triumphantly resisted the evil one. When he returned to camp on the
third day, a wiser and seemingly no less happy man, he threw down from
his strong back not only his own burden of soldierly equipment, but the
packs of two of his comrades also who had grown faint in the long march.

So I know J----. Who, from this, doesn't know J----? His heart, sure, is
as big as his back is broad, and his nature as open as his face, which
shines like a harvest moon. God bless all such comrades.



[There has been considerable said about the mistreatment of volunteer
soldiers now in the service of the government, and much of the talk of
suffering and want in the camps has been discredited because of its
seeming ridiculousness. Americans are not ready to believe that the
heads of the departments would permit the brave men to undergo the
trials and sufferings that have been so graphically pictured by the
newspapers, and the more conservative here put these idle rumors aside
as the work of sensation-mongers.

Now a minister of the gospel, a man who is at the front with the
soldiers, administering to them spiritual assistance and pointing them,
in their dark hours of distress, to a brighter future, has raised his
voice, and in words that sink deep into the heart and make the breast of
men shudder, he tells us that our boys are being murdered; that the
brave sons of Missouri are being cut down like grass before the scythe,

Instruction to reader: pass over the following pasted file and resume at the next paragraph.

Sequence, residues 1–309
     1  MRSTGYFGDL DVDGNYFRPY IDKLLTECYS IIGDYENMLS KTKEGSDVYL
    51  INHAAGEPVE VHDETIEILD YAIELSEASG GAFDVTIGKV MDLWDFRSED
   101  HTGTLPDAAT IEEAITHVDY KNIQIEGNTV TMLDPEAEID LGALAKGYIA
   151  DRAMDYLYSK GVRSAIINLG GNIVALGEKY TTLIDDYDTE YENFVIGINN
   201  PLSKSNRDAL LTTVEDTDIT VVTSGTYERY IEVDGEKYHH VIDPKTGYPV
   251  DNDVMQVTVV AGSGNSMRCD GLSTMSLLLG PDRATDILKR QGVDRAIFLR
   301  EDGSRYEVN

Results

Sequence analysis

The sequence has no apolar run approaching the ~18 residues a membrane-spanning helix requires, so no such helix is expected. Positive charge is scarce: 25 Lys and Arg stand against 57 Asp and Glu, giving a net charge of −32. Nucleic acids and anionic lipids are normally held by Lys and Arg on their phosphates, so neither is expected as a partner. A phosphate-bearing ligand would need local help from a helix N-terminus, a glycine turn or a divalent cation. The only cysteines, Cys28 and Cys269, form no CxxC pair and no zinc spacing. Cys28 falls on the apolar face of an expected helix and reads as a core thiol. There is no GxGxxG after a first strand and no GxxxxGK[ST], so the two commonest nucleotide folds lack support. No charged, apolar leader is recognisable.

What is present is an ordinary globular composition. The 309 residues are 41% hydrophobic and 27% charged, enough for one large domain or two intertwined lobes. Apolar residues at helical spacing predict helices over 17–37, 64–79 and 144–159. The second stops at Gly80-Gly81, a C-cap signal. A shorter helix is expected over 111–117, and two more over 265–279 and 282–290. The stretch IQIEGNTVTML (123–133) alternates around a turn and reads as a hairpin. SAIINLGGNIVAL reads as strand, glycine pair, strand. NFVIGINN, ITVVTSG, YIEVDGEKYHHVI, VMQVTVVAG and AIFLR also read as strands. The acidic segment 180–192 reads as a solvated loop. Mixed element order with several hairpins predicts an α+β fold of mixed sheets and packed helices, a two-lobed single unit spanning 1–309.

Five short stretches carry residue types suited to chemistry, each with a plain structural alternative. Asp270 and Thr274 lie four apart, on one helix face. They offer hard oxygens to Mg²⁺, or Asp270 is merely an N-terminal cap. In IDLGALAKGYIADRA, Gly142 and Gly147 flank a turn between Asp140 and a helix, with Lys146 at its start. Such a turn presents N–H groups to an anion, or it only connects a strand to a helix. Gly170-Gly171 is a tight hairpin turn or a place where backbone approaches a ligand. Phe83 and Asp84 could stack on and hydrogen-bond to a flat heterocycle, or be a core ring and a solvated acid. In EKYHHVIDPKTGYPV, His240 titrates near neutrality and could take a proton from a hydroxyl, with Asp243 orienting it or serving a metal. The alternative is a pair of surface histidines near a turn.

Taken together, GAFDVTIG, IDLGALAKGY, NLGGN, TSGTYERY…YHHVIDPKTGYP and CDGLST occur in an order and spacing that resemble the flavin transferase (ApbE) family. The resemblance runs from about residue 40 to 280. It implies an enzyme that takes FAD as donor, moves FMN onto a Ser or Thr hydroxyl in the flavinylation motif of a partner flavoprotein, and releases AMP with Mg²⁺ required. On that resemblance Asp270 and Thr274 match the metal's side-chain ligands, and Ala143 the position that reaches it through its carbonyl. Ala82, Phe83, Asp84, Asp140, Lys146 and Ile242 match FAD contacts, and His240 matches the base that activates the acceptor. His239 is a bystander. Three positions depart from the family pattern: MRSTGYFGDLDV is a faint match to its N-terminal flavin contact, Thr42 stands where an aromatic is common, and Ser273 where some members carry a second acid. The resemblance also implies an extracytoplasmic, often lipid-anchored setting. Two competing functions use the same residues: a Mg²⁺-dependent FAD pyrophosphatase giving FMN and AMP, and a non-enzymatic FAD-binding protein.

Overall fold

through the neglect and tyranny of officers in the army who are supposed
to look after their comfort.

Rev. R. T. Kerlin, chaplain of the Third Missouri Regiment, writes from
Thoroughfare Gap, Va., to a brother minister at St. Louis, telling him
of these things. Dr. Kerlin comes from Clay County, and the people of
this city and this State know him.

Dr. Kerlin's letter is published herewith, but he admits that, as
horrible as he has pictured the condition of the second division of the
Second Army Corps, it is even worse than he has made it appear, and that
the officers and men insisted that he make the truth more explicit that
aid might be gotten to them by the patriotic people of this State, in
whom they have confidence. The chaplain does not place the blame.]--_The
Kansas City Times._

The last week's itinerary of the second division of the Second Army
Corps, General Davis commanding, has been written in curses. The results
will be borne forever in the minds, hearts and bodies of 10,000
patriotic citizen-soldiers. Half-fed, wet and muddy, with no change of
clothes, a score, on an average, in each company bare-footed, the
volunteer soldiers of this division, as they go to their beds of wet
straw under their low dog-tents that let the rain through like sieves or
as they trudge through the mire of the stubble-field in which we are
encamped to-night, can find no language but oaths to express their sense
of ill-treatment.

Here is the story: It should be told in justice to these men, who have
offered their lives for their country, who represent the best elements
of our American citizenship, who are disposed to be manly, honest and